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Late addition: last-minute recruit looks to make impact for Drake

Story by Ashley Beall

Jacob Jensen is not your typical freshman. Not only is he from Denmark, but he also stands at 6-foot-11. This marks his first year as a member of the Drake  men’s basketball team.

“Todd Townsend, my assistant, had spoken with a number of different people overseas and through those connections, Jacob’s name came up,” said head men’s basketball coach Ray Giacoletti. “Todd was the one who really did the digging and tried to figure out how to get a hold of him.”

Toward the last week of July, Giacoletti got to see tape of Jensen playing and Townsend was able to go see Jensen play as a member of the national team in Denmark.

After discussing with him the opportunity to play at Drake, Jensen made the decision to move to America and become a member of the Drake basketball team.

“I really liked the coaching staff here, and from what I heard, it was a great set up,” Jensen said.

“The coaches were going to invest time in me and support me and help me develop my game. I had also heard good things about the players here, and that’s important to me because I want to play on a team that I like to be around.”

Jensen’s commitment to the team came rather last minute, and he wasn’t able to visit Drake before arriving in the fall. He had to be cleared academically and by the NCAA for his amateurism status, which didn’t leave enough time for Jensen to make to the trip to Iowa. “It’s a crazy story. I’ve done this for 29 years, and we’ve recruited a lot of foreign players, but Jacob is someone who has a pretty bright future, and that’s usually not the way it happens, especially that late, very rarely,” Giacoletti said.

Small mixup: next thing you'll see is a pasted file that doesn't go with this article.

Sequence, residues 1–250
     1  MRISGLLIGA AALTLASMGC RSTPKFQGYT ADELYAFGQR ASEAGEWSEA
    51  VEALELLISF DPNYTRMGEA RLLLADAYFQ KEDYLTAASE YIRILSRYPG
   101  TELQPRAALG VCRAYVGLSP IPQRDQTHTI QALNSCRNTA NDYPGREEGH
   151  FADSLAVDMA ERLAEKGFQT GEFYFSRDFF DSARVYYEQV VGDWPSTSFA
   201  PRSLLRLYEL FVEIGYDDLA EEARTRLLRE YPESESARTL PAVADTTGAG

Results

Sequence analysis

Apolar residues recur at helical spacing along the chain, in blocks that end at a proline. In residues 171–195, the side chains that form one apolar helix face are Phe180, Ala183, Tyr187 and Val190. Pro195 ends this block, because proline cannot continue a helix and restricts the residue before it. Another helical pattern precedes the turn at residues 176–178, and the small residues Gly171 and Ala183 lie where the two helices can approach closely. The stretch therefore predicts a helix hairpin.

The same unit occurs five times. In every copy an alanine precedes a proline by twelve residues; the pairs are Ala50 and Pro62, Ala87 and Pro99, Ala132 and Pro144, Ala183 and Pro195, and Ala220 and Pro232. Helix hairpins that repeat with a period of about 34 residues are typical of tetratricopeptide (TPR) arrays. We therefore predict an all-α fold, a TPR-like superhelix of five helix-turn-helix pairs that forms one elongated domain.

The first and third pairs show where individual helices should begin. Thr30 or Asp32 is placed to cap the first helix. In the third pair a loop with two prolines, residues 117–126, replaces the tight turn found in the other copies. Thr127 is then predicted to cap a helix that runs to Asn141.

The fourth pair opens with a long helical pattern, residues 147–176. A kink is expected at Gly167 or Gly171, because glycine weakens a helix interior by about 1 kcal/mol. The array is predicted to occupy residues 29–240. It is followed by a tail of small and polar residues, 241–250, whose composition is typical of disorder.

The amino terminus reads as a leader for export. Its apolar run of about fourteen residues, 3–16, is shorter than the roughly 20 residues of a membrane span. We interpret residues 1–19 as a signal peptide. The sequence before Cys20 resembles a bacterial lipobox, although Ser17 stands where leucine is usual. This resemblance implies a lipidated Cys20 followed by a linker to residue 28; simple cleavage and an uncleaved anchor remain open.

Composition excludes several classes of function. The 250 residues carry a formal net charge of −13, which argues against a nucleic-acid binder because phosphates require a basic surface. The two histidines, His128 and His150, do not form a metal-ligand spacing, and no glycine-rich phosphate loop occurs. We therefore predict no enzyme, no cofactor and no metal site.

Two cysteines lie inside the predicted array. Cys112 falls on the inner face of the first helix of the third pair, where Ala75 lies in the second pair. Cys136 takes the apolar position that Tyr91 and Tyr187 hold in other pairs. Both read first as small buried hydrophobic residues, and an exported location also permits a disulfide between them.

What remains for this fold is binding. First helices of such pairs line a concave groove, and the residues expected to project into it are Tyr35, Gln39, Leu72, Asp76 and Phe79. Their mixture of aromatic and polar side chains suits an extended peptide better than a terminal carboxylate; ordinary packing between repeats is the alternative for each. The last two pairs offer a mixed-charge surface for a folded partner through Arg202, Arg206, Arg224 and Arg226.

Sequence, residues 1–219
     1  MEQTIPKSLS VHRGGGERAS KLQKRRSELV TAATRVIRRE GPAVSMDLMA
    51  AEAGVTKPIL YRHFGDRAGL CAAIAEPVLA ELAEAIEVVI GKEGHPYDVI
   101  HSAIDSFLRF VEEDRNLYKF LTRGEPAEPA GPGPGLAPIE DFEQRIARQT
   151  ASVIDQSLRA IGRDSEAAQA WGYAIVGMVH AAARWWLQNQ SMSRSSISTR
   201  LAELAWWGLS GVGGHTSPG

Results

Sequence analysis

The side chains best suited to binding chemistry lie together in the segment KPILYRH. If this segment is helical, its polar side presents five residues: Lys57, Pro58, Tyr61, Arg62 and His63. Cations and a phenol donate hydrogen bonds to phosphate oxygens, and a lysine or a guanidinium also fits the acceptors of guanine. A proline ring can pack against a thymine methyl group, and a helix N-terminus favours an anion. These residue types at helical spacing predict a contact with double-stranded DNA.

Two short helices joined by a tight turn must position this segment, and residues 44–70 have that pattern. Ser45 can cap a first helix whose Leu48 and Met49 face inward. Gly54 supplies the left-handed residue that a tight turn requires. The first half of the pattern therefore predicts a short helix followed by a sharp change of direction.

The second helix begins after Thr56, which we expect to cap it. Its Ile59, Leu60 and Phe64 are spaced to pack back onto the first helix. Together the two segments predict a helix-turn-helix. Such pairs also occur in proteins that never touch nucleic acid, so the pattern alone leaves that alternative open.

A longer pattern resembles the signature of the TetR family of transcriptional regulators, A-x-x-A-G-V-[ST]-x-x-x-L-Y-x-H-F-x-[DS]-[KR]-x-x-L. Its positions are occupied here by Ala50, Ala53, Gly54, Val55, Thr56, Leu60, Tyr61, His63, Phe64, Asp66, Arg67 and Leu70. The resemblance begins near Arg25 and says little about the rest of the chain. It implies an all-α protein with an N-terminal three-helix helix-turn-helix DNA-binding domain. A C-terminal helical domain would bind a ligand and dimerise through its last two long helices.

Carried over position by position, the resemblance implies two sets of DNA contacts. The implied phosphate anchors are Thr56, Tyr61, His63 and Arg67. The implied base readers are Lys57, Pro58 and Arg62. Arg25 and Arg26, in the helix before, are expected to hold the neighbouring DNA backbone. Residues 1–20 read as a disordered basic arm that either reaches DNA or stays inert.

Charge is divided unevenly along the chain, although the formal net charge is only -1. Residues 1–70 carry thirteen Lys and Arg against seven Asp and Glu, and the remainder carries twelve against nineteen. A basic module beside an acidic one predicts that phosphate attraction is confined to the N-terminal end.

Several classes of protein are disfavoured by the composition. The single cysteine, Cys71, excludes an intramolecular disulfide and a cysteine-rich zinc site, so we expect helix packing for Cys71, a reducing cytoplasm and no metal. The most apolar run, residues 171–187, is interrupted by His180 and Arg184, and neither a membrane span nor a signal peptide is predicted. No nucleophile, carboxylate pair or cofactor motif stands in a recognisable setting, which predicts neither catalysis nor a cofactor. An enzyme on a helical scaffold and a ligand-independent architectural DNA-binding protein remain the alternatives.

After coming off a disappointing season last year, the team is looking to gain some footing in the Missouri Valley Conference, and Jensen is going to play a big role in that goal.

“I think Jacob is going to be a big piece of the puzzle for the future of this program. Like I said, we’ve had a bunch of foreign kids over the years, especially big kids, but I think this year is going to be a year of learning experience and after he gets through this year, he’s going to grow a lot this year, but after this year, I think he has a chance to be very good for the next three years after this,” Giacoletti said.

Jensen’s teammates are also looking to him for a big impact this season.

“He’s been adjusting really well, he has a high basketball IQ, and he’s coming along just fine,” said senior Richard Carter. “Jacob and Seth can both score the ball low post, and Jacob’s really long and active, and that will help on the defensive end as well.”

As far as adjusting to Iowa, Jensen had a rough time at the beginning.

“It was kind of slow in the start, I had a tough time getting used to the food, the people and just the way of being American,” Jensen said. “The biggest difference is the way people communicate, I think. Over here, it’s more, ‘Hey, how are you, I’m fine. How are you?’ and in Denmark it’s more like ‘hey’ and that’s kind of it. You would talk to people if you wanted to, but you don’t engage in small conversation, so that was kind of tough getting used to because I felt like I had to answer people, and that was kind of hard.”

Overall, Jensen is ready for the season to start and to start helping the team compete this season.

“I just want to be the best that I can be. I want to deliver what I can to the team and just put effort into it and see where it takes us,” Jensen said.


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